# Filecoin-backed Pinning Services

Filecoin-backed pinning services (FPS) are data storage and retrieval services that offer the performance and availability of IPFS alongside the data persistence features of Filecoin's decentralized storage network.

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You can find a list of existing FPS providers here.

# How to use an FPS

While each FPS provider will have slightly different instructions for utilizing the service, the general flow remains the same:

  • Create and configure your account with the FPS provider.
  • Retrieve your auth token for the FPS provider.
  • Make storage requests through the API of the service you are using.
  • Maintain and monitor your data storage.
  • Retrieve your data through the API of the service you are using.

# Key benefits of FPSs

  1. Data is backed up on the Filecoin network for data persistence.

  2. Developers do not need to worry about maintaining their own decentralized infrastructure. Using an FPS also avoids vendor lock-in, since all providers contribute to the same storage network.

  3. FPSs are working towards the adoption of the IPFS Pinning Service API (opens new window). This common API is designed to work flexibly with any content-addressed storage solution, be it Filecoin, IPFS, or a service integrating both. Filecoin-specific workflows are abstracted from the users without sacrificing features like different geographies, redundant copies, and cryptographic storage receipts.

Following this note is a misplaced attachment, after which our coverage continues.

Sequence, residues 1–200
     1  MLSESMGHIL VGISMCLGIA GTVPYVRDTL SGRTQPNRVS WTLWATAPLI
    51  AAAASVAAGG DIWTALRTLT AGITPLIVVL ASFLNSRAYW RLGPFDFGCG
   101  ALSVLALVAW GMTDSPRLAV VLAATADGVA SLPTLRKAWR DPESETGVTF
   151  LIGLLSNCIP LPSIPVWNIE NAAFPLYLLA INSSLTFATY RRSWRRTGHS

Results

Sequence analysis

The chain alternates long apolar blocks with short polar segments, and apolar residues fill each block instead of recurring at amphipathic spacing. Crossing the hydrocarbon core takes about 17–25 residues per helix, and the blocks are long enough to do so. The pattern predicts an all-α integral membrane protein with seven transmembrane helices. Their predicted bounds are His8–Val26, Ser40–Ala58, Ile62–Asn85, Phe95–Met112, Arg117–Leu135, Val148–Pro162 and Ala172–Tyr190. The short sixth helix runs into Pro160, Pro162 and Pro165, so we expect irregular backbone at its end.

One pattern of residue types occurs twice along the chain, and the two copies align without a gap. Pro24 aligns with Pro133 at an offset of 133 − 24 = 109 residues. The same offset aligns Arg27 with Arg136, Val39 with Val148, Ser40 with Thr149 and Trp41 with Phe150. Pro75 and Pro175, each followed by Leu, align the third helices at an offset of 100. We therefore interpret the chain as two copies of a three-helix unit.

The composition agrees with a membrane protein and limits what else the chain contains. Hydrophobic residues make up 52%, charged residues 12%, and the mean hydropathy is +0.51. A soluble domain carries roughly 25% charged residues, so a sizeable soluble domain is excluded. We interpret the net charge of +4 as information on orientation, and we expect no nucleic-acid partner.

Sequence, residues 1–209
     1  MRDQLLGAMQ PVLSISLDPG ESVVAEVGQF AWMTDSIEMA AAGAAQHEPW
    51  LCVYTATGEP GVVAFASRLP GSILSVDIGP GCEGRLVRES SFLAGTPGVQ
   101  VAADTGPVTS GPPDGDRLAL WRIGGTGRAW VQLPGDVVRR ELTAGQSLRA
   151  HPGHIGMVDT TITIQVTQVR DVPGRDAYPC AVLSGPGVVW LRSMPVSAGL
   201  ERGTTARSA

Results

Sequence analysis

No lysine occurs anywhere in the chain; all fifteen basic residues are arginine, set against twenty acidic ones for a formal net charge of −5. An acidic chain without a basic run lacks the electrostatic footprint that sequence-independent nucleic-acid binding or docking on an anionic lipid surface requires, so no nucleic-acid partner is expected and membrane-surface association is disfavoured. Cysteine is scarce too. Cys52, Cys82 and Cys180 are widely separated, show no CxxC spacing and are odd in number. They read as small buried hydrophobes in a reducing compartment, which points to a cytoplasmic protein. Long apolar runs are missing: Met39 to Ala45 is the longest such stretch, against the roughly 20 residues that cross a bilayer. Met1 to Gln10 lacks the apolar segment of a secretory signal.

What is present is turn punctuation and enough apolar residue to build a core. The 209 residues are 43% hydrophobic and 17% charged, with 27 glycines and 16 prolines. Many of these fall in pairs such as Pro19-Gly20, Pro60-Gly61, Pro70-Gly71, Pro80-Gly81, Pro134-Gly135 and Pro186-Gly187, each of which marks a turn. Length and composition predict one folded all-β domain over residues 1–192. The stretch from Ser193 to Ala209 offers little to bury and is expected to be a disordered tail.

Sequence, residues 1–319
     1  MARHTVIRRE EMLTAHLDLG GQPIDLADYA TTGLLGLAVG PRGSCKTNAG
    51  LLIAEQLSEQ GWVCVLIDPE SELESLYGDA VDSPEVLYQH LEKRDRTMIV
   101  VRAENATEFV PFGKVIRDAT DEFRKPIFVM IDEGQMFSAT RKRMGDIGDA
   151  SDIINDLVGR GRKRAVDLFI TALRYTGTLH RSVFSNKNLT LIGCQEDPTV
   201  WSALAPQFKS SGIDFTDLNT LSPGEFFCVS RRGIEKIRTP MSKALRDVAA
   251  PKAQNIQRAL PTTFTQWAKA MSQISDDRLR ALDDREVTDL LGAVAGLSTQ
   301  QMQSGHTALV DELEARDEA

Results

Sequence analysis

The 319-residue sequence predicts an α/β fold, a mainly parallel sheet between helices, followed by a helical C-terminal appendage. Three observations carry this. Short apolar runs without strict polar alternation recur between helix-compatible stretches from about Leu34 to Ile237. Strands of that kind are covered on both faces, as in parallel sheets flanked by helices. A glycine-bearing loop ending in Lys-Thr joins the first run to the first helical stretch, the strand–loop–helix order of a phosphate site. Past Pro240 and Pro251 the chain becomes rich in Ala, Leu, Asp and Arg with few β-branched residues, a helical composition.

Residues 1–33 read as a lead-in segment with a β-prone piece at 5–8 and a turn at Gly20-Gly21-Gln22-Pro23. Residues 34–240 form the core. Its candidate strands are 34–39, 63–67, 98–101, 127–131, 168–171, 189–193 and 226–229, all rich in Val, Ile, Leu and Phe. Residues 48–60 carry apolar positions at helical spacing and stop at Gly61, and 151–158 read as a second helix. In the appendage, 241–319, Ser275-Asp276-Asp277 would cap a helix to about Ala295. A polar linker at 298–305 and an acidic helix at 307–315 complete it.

# How FPS solutions work

FPS solutions run IPFS (for hot storage) and Filecoin (for cold storage) software clients under the hood, either communicating directly with these software clients through their native APIs or through tools like Powergate. FPS services manage the flow of data between the different networks, employing intelligent caching strategies to keep popular data readily available.

Diagram showing a simplified architecture for a Filecoin IPFS Pinning Service (FPS). User makes API request to the FPS. The FPS stores and retrieves data from embedded go-ipfs and lotus nodes, which communicate with each other via libp2p and IPLD data formats.

While the specific architecture of each service will look different, most FPS solutions follow similar flows behind-the-scenes.

Data storage:

  • When a user makes an API request to store a particular CID through an FPS, the FPS will pin that CID to its node (which is connected to the public IPFS network) -- or the “Hot” storage layer.
  • The FPS will simultaneously initiate Filecoin storage deals (“Cold” storage layer) to persist the data.
  • If the user specifies a replication factor greater than 1 for their file (X redundant copies of the data), the FPS will initiate X separate Filecoin storage deals for the data.
  • The user pays the FPS directly for providing this storage service.

Data retrieval:

  • When a user makes an API request to retrieve a particular CID through an FPS, the FPS will attempt first to retrieve the CID through the “Hot” storage layer (pinned data on the public IPFS network).
  • If this is unsuccessful, the FPS will then retrieve the CID through the “Cold” storage layer (data stored with miners on the Filecoin network) and serve it back to the requestor.
  • The user pays the FPS directly for providing this retrieval service.

Remember that these flows are hidden from the user and take place behind the scenes. Users will interact with a single interface that abstracts away data flows between systems, node management, and Filecoin deal management.